The Face Thief follows the parallel stories of a woman waking from a coma with severe head injuries, and her conversations with a young investigator. As he slowly probes into what caused her injuries the reader learns the stories of two men whose lives have been all but destroyed by a young female con artist. One searches for her in an attempt to recover his life saving, and the other is ruminating over how he, who had mastered all the signs of body language and face reading, has been duped by one with a greater natural aptitude and talent. I don’t think you’re meant to have any doubt that all the stories are connected, and that the men have been involved with the same woman. The mystery remains in exactly who attempted to kill her. The men we meet certainly have ample motive, but I wondered if it could also be connected to some other crimes she may have committed, or lives she has destroyed.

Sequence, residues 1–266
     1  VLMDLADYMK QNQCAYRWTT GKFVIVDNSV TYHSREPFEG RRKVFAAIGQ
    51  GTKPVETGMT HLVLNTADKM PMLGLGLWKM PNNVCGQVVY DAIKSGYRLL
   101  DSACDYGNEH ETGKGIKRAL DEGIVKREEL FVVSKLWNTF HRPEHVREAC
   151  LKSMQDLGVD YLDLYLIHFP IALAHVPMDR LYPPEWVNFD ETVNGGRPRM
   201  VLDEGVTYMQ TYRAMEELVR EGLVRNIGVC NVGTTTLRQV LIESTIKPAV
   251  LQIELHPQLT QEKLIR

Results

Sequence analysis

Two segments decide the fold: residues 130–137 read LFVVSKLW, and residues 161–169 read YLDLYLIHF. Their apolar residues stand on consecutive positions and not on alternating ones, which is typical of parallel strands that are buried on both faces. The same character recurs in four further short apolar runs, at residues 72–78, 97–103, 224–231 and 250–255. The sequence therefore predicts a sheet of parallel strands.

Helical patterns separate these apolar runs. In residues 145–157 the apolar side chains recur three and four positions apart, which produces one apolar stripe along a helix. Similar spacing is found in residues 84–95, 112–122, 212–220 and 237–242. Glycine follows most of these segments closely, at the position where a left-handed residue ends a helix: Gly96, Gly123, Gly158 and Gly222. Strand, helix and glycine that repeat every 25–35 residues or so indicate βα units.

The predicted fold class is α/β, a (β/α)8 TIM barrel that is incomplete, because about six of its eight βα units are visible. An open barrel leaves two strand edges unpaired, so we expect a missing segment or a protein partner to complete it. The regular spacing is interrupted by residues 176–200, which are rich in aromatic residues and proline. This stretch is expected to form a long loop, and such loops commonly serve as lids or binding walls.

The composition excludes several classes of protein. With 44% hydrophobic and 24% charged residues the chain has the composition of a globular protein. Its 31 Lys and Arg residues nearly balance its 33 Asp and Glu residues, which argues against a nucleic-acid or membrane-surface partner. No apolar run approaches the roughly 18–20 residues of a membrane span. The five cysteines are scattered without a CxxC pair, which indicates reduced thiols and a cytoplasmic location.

The Face Thief is a fast and entertaining read. The info and technique of face reading was attention grabbing, but some also seemed a bit farfetched. They lost me a little with hairlines and ear shapes having anything to do with personality and the ability to know divine another’s thoughts. A glimpse into the lives and motivations of the men involved with Margot given, but the novel would have been that much stronger with a more solid rationale for why Margot acted as she did. Her behavior just seemed way off the rails and for really no plausible reason. I needed more to believe in her. Most of this book functions as a character study, so it falls short when Margot lacks the needed depth to make her completely believable.
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